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Examining the effect of body ownership in immersive virtual and augmented reality environments


The traditional rubber hand illusion is a psychological experiment where participants are under the illusion that a rubber hand is part of their own body. This paper examines the use of real, virtual and augmented reality environments for identifying the elements that influence body ownership in healthy participants. Compared to the classical experiment where a plastic rubber hand was used, a realistic 3D representation was chosen to create the same illusion this time in both immersive virtual reality and augmented reality. Experiments were performed on 30 volunteers undergoing testing session composed of three stages. Participants were asked to complete two different questionnaires, one measuring their cognitive workload and another one regarding their experience with the rubber hand illusion. In addition, EEG signals of the individuals were recorded, resulting in 90 electroencephalogram datasets. Results indicate correlations between ownership statements with beta and gamma electroencephalogram bands in premotor cortex activity. Link between higher gamma production in ventral premotor area during the illusion was established in previous studies.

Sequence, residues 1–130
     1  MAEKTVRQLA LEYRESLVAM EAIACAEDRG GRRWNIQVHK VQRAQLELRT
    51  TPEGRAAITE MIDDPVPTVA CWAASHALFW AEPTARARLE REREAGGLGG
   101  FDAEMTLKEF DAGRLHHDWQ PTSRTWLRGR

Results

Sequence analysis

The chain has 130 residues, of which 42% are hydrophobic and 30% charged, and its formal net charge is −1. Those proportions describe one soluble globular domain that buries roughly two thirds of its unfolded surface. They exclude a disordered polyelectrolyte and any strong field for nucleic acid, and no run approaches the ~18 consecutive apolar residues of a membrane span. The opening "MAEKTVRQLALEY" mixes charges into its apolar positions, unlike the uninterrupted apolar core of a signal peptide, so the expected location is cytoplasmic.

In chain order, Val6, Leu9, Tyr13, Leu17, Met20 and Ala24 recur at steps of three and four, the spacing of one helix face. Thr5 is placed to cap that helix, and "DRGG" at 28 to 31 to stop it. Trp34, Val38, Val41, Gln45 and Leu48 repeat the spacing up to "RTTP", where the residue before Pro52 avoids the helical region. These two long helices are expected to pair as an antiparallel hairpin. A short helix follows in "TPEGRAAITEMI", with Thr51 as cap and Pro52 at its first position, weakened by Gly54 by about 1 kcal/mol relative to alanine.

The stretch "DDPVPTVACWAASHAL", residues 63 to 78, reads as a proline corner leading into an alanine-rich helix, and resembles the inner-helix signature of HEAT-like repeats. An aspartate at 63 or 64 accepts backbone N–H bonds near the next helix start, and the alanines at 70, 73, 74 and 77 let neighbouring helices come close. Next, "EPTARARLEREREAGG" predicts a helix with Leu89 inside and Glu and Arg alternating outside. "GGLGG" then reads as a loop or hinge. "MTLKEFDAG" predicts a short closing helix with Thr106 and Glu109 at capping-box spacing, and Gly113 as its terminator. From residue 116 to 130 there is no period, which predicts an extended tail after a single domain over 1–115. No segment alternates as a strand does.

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We would like to thank Dr. Helena Lukášová for providing her hand as a model and for artwork done on its printed version, and Igor Chalás for his work on the 3D visualization of the hand. Also thanks to Szymon Fiałek for valuable contributions to the experimental design and Dr. Jiří Chmelík for helping with the preparations of the experiment.

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Correspondence to Filip Škola.

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Škola, F., Liarokapis, F. Examining the effect of body ownership in immersive virtual and augmented reality environments. Vis Comput 32, 761–770 (2016).

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  • Human factors
  • Computer graphics
  • Virtual reality
  • Augmented reality